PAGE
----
Here’s video evidence of the evil right-wing nutjobbery of the Cape County Tea Party’s Monthly Meeting!

.

Can We Grow Our Way Out Of Debt:

.

.

Click here for the spreadsheet reviewed during the meeting.

.

.

Our Speaker:  Bryan Fischer

.

.

.

Special Guest:  8th CD Republican Candidate Jason Smith:

.

It’s a Wrap:

.

.

Takeaway Activism

.

There was no specific Takeaway Activism this month.  However, we urge you to download the spreadsheet above and test it with various scenarios for GDP and Spending increases.  If you find ways to improve on its calculations, please send it back to us, so we can learn from your expertise!

 

TTTT Takeaway Activism and Notes – January 2013

Speaker Notes:

After the excitement of our meeting in November, CCTP Steering Committee members wanted to continue to inform about the Tennessee Center for Self Governance and the training effort underway to become experts on Self Governance… …Citizen SEALS!

Jan Farrar and David Larson led the discussion with our experience in training, examples of successes with TNCSG’s efforts, and many of the trainees in attendance chimed in with notes and examples of how this effort will work.

Before the TTTT, I asked David to describe what he planned to do in the meeting:

Jan and I will do about thirty minutes on the benefits of taking the five levels of citizen engagement through the Tennessee Center for Self-governance. We will discuss civil responsibility and civil authority, by comparing and contrasting them. We will point out that there are hundred  if not thousands of special interest groups lobbying the lawmakers we send to the various legislative houses at all levels. Then we will explain the ordinary everyday citizen is not represented in that manner. We will explain that these classes will empower them to become engaged in the process so that they are no longer lost in the shuffle nor ignored.

And, that’s exactly what they did.

.

Working Meeting:

Tonight’s meeting was also a working meeting.  The goal here was to review and approve (or reject) the legislative items sponsored or co-sponsored by Cape County’s Missouri House and Senate members – Donna Lichtenegger, Kathy Swan, and Wayne Wallingford.  A few bills proposed by other legislators were added to the list including one co-sponsored by Shelley Keeney of Bollinger County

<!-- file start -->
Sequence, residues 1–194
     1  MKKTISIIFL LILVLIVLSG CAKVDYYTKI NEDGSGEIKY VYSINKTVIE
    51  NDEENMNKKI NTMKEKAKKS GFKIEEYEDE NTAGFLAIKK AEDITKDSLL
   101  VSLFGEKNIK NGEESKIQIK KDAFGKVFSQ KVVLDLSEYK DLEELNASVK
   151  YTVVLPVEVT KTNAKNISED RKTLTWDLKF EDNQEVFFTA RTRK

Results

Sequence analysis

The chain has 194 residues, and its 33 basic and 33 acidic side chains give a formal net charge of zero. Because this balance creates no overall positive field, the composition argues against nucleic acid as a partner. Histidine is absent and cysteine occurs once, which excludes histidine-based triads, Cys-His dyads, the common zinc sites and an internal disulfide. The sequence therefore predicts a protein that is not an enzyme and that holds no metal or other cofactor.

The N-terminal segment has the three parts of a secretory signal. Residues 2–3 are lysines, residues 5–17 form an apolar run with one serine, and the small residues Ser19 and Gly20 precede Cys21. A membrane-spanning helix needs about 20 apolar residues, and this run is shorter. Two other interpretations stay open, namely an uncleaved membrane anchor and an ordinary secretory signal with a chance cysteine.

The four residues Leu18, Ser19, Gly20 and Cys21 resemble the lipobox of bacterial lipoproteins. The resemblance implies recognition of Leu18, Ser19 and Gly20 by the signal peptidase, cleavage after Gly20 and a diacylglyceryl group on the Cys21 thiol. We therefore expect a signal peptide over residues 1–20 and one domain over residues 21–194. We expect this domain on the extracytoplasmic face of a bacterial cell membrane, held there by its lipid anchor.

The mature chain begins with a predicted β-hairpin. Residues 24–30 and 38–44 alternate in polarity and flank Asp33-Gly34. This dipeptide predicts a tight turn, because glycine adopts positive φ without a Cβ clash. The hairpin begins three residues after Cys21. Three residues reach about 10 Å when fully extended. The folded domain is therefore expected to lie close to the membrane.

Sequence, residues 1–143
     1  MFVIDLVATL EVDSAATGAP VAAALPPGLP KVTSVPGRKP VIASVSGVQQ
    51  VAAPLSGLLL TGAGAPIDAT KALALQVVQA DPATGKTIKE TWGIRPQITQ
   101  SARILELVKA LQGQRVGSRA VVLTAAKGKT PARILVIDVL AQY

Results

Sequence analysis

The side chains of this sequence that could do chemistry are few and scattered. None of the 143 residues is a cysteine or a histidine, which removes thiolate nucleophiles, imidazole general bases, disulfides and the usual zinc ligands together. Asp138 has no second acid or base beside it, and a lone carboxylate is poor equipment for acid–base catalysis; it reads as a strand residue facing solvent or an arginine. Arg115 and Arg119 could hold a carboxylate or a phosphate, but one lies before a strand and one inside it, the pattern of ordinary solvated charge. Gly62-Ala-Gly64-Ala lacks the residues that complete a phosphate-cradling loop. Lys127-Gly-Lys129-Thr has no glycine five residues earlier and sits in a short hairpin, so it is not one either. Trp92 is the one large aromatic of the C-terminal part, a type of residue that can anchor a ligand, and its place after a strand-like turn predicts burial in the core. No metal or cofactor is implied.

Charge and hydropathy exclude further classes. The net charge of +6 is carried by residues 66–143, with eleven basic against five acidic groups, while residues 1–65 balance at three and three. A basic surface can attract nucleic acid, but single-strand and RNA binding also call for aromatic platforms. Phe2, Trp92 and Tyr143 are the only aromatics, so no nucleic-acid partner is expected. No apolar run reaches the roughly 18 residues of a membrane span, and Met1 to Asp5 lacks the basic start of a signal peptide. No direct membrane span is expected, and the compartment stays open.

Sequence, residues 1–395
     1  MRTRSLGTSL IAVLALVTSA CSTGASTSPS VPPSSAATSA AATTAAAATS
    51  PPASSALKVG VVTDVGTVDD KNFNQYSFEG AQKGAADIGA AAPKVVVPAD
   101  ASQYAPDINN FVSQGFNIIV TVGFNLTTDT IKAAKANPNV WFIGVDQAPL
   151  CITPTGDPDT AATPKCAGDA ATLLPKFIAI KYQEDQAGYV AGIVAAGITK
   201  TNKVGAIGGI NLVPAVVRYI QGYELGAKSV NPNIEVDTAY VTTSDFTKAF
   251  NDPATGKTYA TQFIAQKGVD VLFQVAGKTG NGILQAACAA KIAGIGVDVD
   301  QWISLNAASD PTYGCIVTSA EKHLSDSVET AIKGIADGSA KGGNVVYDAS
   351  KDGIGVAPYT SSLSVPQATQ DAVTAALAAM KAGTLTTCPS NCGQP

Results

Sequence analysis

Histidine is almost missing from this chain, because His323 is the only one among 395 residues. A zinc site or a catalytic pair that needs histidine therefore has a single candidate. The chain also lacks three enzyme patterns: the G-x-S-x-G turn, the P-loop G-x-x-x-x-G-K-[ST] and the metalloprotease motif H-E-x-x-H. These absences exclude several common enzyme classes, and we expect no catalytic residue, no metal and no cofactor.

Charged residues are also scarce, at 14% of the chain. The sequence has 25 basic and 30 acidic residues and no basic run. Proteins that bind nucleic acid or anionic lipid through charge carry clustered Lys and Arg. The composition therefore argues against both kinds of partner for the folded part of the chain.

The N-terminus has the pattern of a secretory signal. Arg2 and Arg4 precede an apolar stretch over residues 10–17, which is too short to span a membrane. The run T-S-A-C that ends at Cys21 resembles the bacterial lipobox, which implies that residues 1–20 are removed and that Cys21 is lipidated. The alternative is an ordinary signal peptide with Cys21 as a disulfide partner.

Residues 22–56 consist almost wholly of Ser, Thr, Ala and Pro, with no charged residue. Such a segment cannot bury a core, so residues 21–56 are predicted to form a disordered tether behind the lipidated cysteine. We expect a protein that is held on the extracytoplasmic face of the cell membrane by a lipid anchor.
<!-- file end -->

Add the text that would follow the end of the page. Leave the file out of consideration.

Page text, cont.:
We:

  • Put together list of the bills
  • Broke up into 4 groups
  • Reviewed them quickly
  • Used our laptops to get additional information on the bills from the House and Senate web sites
  • Came up with a knee-jerk decision to vote for or against the bill

We obviously knew that, with the few minutes we had to work on the effort, we could easily end up with an incorrect decision.  But, the effort was enjoyable, and the decisions likely in line with the CCTP goals of Fiscal Responsibility, Founding Principles, and Constitutionally Limited Government under God.

When reviewing the decisions of the group, most of the responses were quite emphatic.

Click below to see the bills that were reviewed and the decisions of the group.  We hope to complete similar efforts in the future.

CCTP – TTTT – 20130115 – Local Legislator Bills – Reviewed – 01

.

Takeaway Activism

As a follow-up on our two activities tonight, we need to continue to consider our Civic Authority and our responsibility to guide the votes of our elected officials at all levels.  To that end, we ask that you do three things:

 

Senate Bill Review

House Bill Review

  • Write a short summary of why you think your legislator should vote for / against the bill
  • Send your review to CapeCountyTeaParty@yahoo.com

New Legislation

  • Propose a piece of Legislation / Law
  • Write a short summary of what you would like to have enacted